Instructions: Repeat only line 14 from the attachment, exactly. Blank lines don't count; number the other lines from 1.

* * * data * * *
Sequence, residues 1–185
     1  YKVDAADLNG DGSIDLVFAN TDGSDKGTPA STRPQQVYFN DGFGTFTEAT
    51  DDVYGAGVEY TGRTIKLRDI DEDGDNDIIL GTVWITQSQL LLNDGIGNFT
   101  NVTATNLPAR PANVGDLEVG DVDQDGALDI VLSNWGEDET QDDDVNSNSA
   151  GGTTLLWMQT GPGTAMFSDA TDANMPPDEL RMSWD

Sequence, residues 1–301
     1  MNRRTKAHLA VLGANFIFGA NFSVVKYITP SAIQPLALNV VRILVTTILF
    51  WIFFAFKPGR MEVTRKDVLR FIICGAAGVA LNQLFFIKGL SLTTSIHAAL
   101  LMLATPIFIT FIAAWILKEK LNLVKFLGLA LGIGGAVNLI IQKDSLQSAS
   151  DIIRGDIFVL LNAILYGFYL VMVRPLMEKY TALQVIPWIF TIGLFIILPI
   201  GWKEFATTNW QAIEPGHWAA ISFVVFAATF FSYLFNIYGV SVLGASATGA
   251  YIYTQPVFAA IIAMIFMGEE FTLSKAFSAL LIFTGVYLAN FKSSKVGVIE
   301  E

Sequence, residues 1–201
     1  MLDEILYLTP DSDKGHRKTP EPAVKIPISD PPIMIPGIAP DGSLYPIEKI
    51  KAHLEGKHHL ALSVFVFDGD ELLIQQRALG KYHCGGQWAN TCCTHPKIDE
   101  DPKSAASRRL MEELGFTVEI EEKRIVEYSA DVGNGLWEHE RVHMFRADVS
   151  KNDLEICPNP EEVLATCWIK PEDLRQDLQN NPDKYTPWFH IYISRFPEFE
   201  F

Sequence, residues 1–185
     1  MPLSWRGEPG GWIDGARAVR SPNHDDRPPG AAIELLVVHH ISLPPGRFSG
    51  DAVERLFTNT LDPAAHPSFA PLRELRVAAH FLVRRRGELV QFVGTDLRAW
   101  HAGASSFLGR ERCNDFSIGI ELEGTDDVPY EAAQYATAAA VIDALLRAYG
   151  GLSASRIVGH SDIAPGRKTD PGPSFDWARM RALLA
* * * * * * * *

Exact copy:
Sequence, residues 1–201